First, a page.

According to the Centers for Disease Control and Prevention (CDC), 1 out of every 5 falls results in a serious injury.
Let’s take a look at what constitutes a slip and fall accident, how you can prove negligence, and what you need to be aware of when filing a personal injury lawsuit in California based on a slip and fall accident.
The term “slip and fall accident” is a legal term used to describe an injury that occurs when a person falls on the premises of another. For example, you might slip and fall on a spilled drink when entering a coffee shop, or you might slip on a pool of water in the breakroom of your place of employment.
There are 2 main “types” of slips:
Regardless of how a slip and fall accident occurs, it can result in serious injury and even death in rare cases. Some of the most common slip and fall injuries include:
Most slip and fall cases that occur outside of work require you to prove that the landowner was negligent in order to recover damages. In California, this means you have to show that the landowner failed to exercise reasonable care in keeping the premises reasonably safe or failed to warn of dangers that were known or knowable.
What exactly does this mean?
It’s not always clear whether a landowner has exercised “reasonable care” to keep the premises “reasonably safe.” In general, a landowner is held to a reasonable person standard. As a result, the judge or jury must decide whether the landowner used the care that “a reasonably prudent person in the same circumstances” would have used.
Let’s look at a common example to clarify this important standard.
In the above example, the judge or jury will have to determine whether the grocery store owner (or their employees) took “reasonable care” to keep the premises “reasonably safe.”
To reach this decision, there’s one question the judge or jury will want to answer in order to make this determination:
How often did the defendant inspect the floors?
Because the premises was a self-service grocery store, the chances of something falling on the floor were great. As a result, a reasonable person would inspect the floors frequently.
If the evidence shows that the defendant inspected the floors every 6 hours, the court would likely find that the defendant didn’t exercise the care that a reasonably prudent person would have exercised. On the other hand, if the defendant inspected the floors for spills every 30 minutes, the court would likely find that the defendant took reasonable care to keep the premises reasonably safe.
Now, let’s change the facts of the example slightly. Say the customer can prove that the defendant knew about the spilled soup.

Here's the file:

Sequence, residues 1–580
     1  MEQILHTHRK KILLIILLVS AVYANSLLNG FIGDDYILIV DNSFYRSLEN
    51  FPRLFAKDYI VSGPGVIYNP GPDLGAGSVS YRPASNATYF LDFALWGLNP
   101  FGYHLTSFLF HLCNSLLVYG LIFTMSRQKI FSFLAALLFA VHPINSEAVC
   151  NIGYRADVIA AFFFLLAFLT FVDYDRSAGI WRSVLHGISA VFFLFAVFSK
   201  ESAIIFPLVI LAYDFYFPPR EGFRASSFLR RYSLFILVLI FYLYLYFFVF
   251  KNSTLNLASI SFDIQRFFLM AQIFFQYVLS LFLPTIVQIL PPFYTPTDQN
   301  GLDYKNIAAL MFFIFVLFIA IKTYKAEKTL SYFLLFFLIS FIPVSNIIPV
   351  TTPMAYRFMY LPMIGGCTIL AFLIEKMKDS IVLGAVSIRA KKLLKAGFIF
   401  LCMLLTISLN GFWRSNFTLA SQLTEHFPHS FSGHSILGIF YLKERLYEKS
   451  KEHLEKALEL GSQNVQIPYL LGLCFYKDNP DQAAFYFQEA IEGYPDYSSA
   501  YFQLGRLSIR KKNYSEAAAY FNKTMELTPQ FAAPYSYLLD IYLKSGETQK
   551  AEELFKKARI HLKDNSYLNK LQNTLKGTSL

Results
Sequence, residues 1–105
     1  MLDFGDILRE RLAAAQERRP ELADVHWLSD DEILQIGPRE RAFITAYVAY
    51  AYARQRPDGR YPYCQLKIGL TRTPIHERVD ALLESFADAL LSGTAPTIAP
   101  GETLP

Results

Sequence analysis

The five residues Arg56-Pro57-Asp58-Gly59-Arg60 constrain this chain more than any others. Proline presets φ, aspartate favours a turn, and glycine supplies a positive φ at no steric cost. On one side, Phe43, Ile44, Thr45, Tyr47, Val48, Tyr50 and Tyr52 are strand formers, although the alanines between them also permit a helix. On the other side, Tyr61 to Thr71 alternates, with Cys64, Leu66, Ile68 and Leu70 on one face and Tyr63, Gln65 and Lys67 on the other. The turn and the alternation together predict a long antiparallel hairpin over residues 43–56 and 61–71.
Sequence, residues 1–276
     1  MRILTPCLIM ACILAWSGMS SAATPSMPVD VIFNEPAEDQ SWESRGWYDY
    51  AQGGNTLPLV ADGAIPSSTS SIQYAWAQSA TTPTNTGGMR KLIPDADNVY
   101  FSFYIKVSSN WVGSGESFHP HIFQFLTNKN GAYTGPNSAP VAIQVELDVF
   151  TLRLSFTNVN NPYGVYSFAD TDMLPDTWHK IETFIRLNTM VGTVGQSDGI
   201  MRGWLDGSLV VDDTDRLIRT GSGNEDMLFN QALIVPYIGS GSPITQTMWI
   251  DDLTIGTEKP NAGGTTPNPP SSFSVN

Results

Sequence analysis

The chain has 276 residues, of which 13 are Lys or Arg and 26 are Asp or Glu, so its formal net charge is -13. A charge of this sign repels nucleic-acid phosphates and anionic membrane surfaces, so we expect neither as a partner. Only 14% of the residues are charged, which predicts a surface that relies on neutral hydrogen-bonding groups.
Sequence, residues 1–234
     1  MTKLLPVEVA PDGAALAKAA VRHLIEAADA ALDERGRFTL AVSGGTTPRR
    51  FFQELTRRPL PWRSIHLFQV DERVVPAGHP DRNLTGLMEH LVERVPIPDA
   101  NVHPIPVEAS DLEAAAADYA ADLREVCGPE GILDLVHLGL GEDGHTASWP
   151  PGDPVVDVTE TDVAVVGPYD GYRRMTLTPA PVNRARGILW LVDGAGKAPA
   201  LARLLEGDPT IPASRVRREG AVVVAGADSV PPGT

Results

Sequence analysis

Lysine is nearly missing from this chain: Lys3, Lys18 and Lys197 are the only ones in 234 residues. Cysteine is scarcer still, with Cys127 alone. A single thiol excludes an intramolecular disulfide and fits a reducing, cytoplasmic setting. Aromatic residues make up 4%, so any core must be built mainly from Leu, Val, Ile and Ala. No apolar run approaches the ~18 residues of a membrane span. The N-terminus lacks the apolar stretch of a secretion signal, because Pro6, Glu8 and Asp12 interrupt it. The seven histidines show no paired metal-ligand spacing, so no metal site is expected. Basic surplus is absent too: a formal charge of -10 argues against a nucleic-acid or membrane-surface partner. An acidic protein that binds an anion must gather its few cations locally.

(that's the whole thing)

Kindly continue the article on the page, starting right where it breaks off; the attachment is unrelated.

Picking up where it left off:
How does this change things?
If the defendant knew about the spilled soup, the court will still have to determine whether the defendant took reasonable steps to make the premises safe.
To reach this decision, the judge or jury will want to ask the following questions:
Did the defendant put up a warning sign while taking steps to clean up the spill?
If the defendant knew about the spill and didn’t put up a warning sign (or require an employee to stand beside the spill while the defendant retrieved a warning sign or a mop), the court will likely find that the defendant failed to take reasonable steps to keep the premises reasonably safe.
If you’re injured at work in California as a result of a slip and fall, you can generally file a workers’ compensation claim. Workers’ compensation is a no-fault insurance system. This means you can recover damages regardless of who’s at fault for the accident.
To receive workers’ compensation benefits, you’ll need to file a claim and prove that:
California follows the pure comparative fault rule. Under this rule, your damage award will be reduced according to your percentage of fault.
Here’s an example:
Common defenses in slip and fall cases include:
In a California personal injury lawsuit, both economic and non-economic damages are available. Economic damages include medical costs, income, and property loss. Non-economic damages include pain and suffering, and emotional distress.
Let’s take a closer look:
If the defendant’s actions were particularly egregious or careless, the court might determine that the defendant needs to be punished. In that situation, the court awards punitive damages to you. In California, punitive damages are sometimes referred to as “exemplary” damages.
California law requires that the court consider 3 factors when evaluating whether punitive damages should be awarded:
A “statute of limitations” is a law that limits the amount of time you have to file a lawsuit. Under California Code of Civil Procedure section 3351, you generally have 2 years from the date of your injury to file a personal injury lawsuit based on negligence.
However, there’s an important exception.
If you’re suing the government, you have to file what’s called an “administrative claim” within 6 months of the date of the injury. Once you’ve filed the administrative claim, the government must respond within 45 days. If your claim is denied, you can file a lawsuit within 6 months from the date of the denial. If you don’t receive a response, you can file the lawsuit within 2 years of when the injury occurred.
Wondering when you would sue the government?
Some slip and falls occur on public property (such as a public sidewalk or town hall steps). In these cases, your lawsuit may involve the government. There are special considerations to keep in mind whenever you sue the government.